airports and airfreight, harmony in procedures and collaboration are essential
to establish a reasonable level of quality in service and ensure the respect
for the environment our day and age require.
Bob Rogers VP & Treasurer says, “here
at ULD CARE we get elated when we have a glimpse of such harmony.
“The recent coverage of ULD matters
was certainly music to our ears!
“And a very big vote of thanks to
Marco Sorgetti for this extensive coverage of ULD, a subject that all
too often remains firmly in the closet.
“ULD Care fully concurs with Andre
Majeres statement that ULD are aircraft parts, and require the same degree
of care and attention as any other part, this is a drum that ULD CARE
and IATA have been banging for many years with, sad to say, limited results.
“But on top of the overriding issue
of flight safety – and never forget that there have been two major
fatal accidents directly resulting from substandard use of ULD in aircraft
loading – ULD CARE has also identified a number of other very significant
issues, and I would like to list these in the space we were granted by
FlyingTypers,” Rogers added.
“This is a topic on everyone’s
lips these days. Now actually the ULD OEM’s have done a remarkable
job reducing the tare weight of containers, pallets and net by 40-50%
in the past 15-20 years, delivering significant fuel burn reductions to
the airlines and consequent benefit to the environment and air quality.
But when it comes to the “on the ground side” it is not such
a pretty sight, as the waste around ULD operations is extraordinary. We
can start with annual repair costs estimated to exceed USD$300 million,
and let us be clear, this is almost entirely the result of improper handling
of what are lightweight aircraft parts. And then there are cargo nets,
so often treated as “throw away” items in the general humdrum
of cargo ops and all too often ending up dumped in a corner or cut with
knives or driven over by a forklift, eventually ending a shortened lifecycle
in landfill (at the owners’ expense) . . . And
please don’t even get me started on cargo straps, again certified
aircraft parts (TSO C172), yet likely to make just a couple of trips before
ending up in a heap somewhere, an estimated 2.5 million such straps are
made every year, consuming around 22 Km of webbing and over 2,000 tons
of steel, year after year after year! Many sustainability improvements
require investment to yield savings, but around ULD it is actually just
a matter of reducing waste, with a bit of effort from all parties.”
“Over the past 4-5 years there has
been much talk about “Smart ULD” and indeed there have been
some significant innovations. But unfortunately we see very little change
to the way the movement of ULD into an “off airport” situation
is managed and monitored. ULD CARE’s analysis leads us to believe
that some 200,000 PMC make an off-airport move every month of the year,
a practice that is of huge benefit to all stakeholders in the air cargo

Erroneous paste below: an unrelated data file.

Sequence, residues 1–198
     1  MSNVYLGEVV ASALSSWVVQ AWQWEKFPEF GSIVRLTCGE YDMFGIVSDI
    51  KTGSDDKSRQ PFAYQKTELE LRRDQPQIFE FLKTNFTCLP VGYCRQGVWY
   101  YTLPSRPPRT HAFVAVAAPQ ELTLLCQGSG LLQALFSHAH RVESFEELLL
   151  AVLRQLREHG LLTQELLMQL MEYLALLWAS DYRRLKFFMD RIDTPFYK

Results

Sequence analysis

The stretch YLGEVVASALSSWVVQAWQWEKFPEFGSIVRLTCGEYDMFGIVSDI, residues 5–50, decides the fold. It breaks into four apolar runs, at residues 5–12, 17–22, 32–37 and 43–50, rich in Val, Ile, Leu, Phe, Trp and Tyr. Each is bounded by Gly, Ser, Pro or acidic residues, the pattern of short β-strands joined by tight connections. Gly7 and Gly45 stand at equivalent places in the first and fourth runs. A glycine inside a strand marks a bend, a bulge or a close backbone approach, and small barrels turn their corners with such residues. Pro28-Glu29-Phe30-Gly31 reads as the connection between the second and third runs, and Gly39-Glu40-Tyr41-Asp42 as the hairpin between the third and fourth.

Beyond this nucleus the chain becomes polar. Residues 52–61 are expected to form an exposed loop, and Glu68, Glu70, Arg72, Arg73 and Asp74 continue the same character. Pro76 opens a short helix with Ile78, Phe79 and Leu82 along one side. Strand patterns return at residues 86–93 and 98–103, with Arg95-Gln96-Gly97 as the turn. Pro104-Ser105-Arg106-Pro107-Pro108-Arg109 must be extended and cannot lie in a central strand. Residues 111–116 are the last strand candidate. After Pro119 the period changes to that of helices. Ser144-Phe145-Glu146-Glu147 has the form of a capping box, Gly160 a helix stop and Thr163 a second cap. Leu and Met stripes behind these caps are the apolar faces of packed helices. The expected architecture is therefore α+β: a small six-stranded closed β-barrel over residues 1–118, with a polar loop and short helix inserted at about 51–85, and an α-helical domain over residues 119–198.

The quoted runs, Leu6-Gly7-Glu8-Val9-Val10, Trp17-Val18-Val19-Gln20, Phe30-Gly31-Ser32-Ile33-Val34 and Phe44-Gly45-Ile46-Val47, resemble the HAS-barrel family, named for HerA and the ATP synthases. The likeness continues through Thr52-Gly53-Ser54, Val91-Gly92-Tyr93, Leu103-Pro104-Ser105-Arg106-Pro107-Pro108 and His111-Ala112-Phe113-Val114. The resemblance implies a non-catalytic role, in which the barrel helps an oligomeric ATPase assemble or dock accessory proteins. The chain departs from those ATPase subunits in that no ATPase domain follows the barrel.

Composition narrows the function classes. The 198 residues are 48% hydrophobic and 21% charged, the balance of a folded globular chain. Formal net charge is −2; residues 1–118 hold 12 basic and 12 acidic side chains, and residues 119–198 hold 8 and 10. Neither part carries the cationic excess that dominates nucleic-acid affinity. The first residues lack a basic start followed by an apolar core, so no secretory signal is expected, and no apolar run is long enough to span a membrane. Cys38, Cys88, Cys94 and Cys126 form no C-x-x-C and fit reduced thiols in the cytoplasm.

industry. Yet, when it comes to the ULD this practice leaves a great deal
to be desired, with a very large number of these off-airport moves not
being reported in an accurate and timely manner to their airline owners,
which are often half way around the world. ULD CARE estimates that around
8-10% of the global PMC fleet is “off the radar” and overdue
for return to their owner at any point in time. There is actually an IATA
standard document to record such transfers, RP 1654, the ULD Control Receipt,
which is the aviation equivalent of the maritime industry’s Equipment
Interchange Receipt. However, as a result of legacy IT and messaging protocols,
the UCR process frequently fails to deliver the required efficiency and
is long overdue for digitalization. ULD CARE is now well advanced on a
project to utilize modern IT such as App’s, hand held POS units
and API’s to move this five-decades old process into the 21st century.”
“One party’s efficiency should
not be at the expense of the other party and this is certainly true when
it comes to ULD’s. Unfortunately, it may seem efficient to conduct
cargo operations using inappropriate facilities and practices ignoring
the inevitable collateral damage to the ULD. With a few notable exceptions,
ULD operations are often carried out in very “unfriendly”
environments and almost always against the clock, with a very extensive
use of forklifts. The key to improving matters here lies in establishing
an industrywide awareness of the importance of knowing the difference
between the right and the wrong way when it comes to working with ULD’s,
and in this regard ULD CARE puts significant efforts and resources into
delivering a portfolio of solutions through its website (www.uldcare.com).
More often than it is actually perceived, the method in compliance is
also more efficient in the end.
“To wrap up, ULD are the oil that
lubricates the gears of air cargo: no ULD = no cargo!
“Just as an engine will seize up if
its oil is allowed to deteriorate or be contaminated, so the air cargo
industry will seize up without the proper degree of attention to the wellbeing
of the ULD upon which it depends. If you wish to fly and do not wish to
use care for your ULD’s you must make sure that you are a bird,
in all other circumstances ULD CARE is a must!”